Sweet and Sour Chicken
A reduced salt version of the classic dish, by Luke Daley RNutr, MSc from Daley Nutrition
Sweet and Sour Chicken Recipe (cooking time 20mins)
Sweet and Sour Chicken is actually native to the USA, it was created in the China towns of the US. Originally the sweet and sour dish was more sour than sweet thanks to vinegar as a key ingredient. However over time the dish has become a lot sweeter. This recipe is now seen across the world, especially in the UK and Australia, you don’t have to travel far to find a pub or restaurant that doesn’t include it in their menu. However the recipe does have some draw backs, as it is usually high in sugar and salt, plus it is served with a large amount of white carbs such as noodles or rice so it can be quite calorific. We have created a new sweet and sour chicken recipe that is a lot healthier than your average takeaway version. Below are answers to the questions we have been asked in our cooking demonstrations about some of the key ingredients in this dish:
Is soy sauce good for you?
Soy is very good for you, the closer to the plant based source you can get the healthier it is. However with soy sauce the soy content is rather low and the majority of the sauce is water and sodium (salt). On average, per tablespoon you are looking at 900mg of sodium, which is nearly 33% of your maximum daily intake. However there are some reduced sodium versions available in most supermarkets nowadays which we strongly advise and is what we use in this Sweet and Sour Chicken dish.
Is brown rice better for you than white rice?
Absolutely! This is a no brainer. Brown rice contains more of the whole grain, which means it has a higher protein, fibre and B-Vitamin content. Protein and fibre help us to feel fuller for long and b-vitamins help with energy metabolism in our cells, enabling us to have more energy throughout the day. In white rice a lot of the b-vitamins are lost due to the milling process and high temperatures used to process, add this to the low fibre content and you have a high glycemic index food item that can spike insulin levels and encourage weight gain. If you are looking for the king of rice then go for wild rice, it contains an even greater source of protein, fibre and b-vitamins. In our sweet and sour chicken recipe we have used brown rice.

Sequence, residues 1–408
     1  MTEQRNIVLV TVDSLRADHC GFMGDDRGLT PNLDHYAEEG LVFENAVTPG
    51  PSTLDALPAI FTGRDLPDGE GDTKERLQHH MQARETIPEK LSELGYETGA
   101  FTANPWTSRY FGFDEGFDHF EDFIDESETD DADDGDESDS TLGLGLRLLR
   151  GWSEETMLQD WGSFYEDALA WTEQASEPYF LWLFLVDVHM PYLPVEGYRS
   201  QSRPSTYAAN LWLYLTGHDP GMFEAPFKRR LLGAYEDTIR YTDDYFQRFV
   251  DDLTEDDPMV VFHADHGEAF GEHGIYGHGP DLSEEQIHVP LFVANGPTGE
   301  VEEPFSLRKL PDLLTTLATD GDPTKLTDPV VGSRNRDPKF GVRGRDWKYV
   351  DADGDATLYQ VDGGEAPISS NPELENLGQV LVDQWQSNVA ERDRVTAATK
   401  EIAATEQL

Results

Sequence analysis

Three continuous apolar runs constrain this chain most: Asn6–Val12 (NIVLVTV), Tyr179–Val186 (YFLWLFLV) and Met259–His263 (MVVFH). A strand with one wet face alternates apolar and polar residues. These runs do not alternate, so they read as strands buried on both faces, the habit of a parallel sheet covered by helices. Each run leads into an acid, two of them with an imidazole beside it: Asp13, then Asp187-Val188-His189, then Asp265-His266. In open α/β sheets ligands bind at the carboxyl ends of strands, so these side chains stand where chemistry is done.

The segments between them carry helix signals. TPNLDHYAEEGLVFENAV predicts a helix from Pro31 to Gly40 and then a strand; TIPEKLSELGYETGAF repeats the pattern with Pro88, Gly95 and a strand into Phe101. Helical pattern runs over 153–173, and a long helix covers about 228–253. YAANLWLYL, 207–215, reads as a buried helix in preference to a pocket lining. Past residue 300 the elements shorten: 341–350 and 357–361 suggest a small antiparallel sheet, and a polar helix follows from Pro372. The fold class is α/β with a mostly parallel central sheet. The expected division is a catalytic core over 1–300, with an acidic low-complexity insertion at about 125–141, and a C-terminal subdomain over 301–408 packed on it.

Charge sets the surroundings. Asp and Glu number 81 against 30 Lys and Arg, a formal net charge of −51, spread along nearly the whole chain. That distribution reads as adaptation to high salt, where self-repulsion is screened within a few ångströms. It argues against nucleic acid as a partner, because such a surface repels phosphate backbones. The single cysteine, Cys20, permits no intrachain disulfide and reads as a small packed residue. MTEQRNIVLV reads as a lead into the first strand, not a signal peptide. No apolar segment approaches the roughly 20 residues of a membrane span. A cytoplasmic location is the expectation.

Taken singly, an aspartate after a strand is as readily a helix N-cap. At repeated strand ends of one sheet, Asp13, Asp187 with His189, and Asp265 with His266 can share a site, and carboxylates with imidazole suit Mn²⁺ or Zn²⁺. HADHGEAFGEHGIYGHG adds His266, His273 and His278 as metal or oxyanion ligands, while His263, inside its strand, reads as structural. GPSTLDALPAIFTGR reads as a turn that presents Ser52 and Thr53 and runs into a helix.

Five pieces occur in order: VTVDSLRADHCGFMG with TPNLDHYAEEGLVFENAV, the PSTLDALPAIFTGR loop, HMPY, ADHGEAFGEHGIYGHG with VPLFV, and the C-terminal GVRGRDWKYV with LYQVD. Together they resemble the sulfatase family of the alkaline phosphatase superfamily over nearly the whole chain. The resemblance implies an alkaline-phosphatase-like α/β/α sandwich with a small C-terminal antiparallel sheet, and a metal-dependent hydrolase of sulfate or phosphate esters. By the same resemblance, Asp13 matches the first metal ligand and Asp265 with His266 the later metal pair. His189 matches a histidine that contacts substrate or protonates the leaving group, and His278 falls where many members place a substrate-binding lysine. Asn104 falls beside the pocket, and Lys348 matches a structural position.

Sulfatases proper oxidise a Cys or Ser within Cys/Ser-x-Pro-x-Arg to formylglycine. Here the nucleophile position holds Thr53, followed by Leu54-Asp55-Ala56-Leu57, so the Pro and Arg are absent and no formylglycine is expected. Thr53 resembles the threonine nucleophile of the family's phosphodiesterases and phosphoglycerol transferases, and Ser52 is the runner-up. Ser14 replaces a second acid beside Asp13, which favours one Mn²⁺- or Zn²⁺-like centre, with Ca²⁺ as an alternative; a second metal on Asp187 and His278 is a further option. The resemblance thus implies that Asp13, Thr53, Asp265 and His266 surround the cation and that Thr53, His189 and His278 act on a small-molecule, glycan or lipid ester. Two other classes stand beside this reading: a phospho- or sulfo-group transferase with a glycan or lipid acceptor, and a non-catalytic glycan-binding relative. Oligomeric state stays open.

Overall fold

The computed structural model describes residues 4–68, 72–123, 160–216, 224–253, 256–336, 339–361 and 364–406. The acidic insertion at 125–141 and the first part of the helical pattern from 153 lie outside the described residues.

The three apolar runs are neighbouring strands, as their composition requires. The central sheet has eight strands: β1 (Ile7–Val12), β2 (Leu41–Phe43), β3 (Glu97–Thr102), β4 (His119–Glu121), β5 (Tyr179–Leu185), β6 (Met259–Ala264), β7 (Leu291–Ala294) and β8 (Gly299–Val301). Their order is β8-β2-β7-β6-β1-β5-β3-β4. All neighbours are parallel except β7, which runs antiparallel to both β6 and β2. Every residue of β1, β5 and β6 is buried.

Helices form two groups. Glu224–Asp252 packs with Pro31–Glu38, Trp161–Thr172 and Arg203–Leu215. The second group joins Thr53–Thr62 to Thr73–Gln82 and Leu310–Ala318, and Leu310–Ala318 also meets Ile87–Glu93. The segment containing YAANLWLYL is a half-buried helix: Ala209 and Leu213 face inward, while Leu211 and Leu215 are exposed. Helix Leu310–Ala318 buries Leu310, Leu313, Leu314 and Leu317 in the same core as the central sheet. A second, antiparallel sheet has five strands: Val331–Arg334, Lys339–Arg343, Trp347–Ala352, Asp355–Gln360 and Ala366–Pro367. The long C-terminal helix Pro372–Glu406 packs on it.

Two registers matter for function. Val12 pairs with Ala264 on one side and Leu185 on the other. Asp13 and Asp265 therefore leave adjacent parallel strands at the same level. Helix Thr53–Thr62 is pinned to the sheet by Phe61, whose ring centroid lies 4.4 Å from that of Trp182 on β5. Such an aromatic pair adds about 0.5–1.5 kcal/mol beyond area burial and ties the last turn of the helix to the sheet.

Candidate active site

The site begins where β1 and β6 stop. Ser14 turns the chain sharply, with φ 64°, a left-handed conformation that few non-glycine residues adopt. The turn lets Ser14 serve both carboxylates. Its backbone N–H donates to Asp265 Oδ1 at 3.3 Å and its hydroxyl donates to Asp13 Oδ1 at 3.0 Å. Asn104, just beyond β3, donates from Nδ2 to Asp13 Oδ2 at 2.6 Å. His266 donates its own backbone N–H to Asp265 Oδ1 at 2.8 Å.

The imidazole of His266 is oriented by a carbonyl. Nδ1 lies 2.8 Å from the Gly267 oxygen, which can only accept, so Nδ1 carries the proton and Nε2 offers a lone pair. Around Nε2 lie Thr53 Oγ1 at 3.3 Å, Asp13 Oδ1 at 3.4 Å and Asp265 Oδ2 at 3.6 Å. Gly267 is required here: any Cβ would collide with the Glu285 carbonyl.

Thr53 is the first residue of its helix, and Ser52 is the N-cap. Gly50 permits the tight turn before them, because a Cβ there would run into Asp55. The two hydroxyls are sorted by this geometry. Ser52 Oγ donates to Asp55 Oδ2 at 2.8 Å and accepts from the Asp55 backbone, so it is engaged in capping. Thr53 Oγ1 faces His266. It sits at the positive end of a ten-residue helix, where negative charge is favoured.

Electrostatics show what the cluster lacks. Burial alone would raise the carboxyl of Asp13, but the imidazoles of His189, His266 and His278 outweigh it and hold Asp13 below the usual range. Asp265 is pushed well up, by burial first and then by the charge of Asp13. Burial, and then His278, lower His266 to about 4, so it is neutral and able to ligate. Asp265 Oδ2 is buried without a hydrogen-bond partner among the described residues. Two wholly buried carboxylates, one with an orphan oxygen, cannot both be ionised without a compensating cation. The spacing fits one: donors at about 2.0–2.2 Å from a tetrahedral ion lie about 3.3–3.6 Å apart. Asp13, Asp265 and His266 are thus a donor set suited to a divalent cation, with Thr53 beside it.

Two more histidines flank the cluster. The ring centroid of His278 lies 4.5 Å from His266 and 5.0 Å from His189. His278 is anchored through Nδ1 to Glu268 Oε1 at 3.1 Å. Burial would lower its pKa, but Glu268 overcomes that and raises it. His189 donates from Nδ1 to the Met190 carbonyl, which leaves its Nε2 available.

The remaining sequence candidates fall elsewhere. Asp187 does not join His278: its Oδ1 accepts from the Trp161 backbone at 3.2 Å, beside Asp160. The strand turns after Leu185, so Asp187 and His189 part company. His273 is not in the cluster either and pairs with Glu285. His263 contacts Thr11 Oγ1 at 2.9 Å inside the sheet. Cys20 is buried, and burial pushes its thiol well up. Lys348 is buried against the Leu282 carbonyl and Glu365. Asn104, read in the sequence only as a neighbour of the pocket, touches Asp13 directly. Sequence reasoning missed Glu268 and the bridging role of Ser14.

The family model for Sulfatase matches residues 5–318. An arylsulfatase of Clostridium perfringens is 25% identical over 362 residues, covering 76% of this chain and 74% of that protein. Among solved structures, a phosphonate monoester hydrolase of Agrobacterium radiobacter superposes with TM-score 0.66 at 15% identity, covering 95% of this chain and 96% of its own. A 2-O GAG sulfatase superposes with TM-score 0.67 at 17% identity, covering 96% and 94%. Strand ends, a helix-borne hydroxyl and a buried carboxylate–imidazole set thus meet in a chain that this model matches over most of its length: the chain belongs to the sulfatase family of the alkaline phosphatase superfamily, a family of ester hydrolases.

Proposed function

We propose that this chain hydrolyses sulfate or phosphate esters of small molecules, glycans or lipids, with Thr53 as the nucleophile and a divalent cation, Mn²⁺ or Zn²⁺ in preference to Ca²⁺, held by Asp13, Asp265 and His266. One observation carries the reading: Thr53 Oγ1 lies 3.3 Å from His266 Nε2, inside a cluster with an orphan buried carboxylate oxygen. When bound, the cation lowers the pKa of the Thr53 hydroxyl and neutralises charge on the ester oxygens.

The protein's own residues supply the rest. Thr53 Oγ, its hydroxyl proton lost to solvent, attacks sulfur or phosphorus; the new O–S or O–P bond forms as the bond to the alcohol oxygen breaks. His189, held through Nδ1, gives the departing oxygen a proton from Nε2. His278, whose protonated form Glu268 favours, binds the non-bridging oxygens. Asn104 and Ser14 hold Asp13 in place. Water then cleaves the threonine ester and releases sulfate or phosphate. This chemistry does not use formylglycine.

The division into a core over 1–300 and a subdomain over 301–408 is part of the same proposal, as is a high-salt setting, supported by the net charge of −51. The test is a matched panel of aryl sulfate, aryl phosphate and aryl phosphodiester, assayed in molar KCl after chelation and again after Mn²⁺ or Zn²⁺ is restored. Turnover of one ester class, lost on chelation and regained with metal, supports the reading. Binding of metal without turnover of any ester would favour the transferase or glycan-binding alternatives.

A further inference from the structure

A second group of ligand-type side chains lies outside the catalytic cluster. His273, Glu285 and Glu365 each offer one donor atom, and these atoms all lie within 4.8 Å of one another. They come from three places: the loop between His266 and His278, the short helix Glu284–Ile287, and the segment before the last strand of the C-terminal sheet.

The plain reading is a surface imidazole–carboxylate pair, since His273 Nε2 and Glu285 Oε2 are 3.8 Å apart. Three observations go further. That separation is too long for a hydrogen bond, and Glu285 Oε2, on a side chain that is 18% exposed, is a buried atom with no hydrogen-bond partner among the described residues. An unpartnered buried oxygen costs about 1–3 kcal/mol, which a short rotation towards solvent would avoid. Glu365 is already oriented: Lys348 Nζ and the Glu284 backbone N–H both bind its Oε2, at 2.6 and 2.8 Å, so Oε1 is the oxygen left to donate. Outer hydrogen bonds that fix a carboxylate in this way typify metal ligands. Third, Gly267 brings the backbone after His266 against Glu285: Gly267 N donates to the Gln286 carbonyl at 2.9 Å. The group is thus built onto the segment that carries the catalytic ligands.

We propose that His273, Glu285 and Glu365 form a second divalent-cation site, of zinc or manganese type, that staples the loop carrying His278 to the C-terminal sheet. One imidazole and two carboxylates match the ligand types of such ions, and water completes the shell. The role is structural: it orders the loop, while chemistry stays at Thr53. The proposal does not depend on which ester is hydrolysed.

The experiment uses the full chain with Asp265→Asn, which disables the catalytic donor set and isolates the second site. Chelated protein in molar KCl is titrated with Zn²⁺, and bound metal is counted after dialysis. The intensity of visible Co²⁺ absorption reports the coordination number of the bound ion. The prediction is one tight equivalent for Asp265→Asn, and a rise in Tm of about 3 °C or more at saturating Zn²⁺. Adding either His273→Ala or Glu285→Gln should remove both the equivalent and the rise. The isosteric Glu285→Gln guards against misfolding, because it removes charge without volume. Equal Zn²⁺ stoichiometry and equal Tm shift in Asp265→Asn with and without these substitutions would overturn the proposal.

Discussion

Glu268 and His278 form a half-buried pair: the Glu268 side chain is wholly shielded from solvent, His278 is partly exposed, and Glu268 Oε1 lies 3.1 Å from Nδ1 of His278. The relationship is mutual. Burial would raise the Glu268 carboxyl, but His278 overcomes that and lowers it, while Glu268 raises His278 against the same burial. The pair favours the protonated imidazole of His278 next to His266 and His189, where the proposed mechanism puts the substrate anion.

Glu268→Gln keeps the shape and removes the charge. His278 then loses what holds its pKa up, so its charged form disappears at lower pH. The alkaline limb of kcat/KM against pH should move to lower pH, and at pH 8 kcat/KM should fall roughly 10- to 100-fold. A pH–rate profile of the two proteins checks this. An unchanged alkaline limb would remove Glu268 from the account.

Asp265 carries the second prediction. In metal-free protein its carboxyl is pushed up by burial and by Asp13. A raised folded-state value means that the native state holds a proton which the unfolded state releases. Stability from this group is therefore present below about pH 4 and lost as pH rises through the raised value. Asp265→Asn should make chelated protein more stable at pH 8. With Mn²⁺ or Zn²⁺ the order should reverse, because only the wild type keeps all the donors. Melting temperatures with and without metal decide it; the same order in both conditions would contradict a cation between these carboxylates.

Top Tip for cooking rice:
- Use a rice cooker for the best and easiest results
- Wash the rice in hot water before cooking or immediately after to reduce an excess starch.
Ingredients (serves 4 people)
- 400g chicken breast, cut into 5cm strips
- 1 red onion, cut into strips
- 1 red and 1 yellow pepper, thinly sliced
- 200g pineapple chunks in juice (remember to save the juice)
- 2 handfuls of green beans
- 2 cloves garlic (finely chopped)
- 1 tbsp sesame oil
- 2 tsps of grated fresh ginger
- 2 tbsp reduce salt soy sauce
- 3 tbsp tomato puree
- 1 tsps of sesame seeds
- 1.5 cups of brown rice
- Cornflour (for thickening) if required
- Pop the rice cooker on, or starting cooking the rice in a saucepan.
- Heat the oil in a frying pan or wok and stir fry the garlic, sesame seeds and chicken until chicken is lightly browned.
- Add the green beans, onion, peppers and pineapple pieces to the chicken and stir fry for another 2-3 minutes.
- Then add the pineapple juice, tomato puree, ginger and soy sauce to the stir fry, and cook for a few minutes until the sauce thickens. You can use cornflour to help thicken the sauce.
- When the rice is cooked, serve with 1/2 cup of brown rice per person (this isn’t a heavy carb meal).
Sweet and Sour Chicken Nutrition (per person)
- 11.5g of fat
- 25 of protein
- 17g of sugar (mainly from pineapple)
- 312mg of sodium
- 444 kcal
Sweet and Sour Chicken
Posted by Luke Daley, Registered Nutritionist, Msc, BSc (Hons)
Director and Founder of Daley Nutrition
A little about us….Daley Nutrition is a community nutrition team based in Melbourne Victoria, we run a range of nutrition based programs such as corporate wellness programs and cooking demonstrations in Australia to raise people’s awareness of what they are eating and empower them to change certain eating habits. We work with not for profit organisations such as local councils, Diabetes Australia & Nutrition Australia to create a healthy eating environment for children and adults.
To find out more about our Nutrition Services below images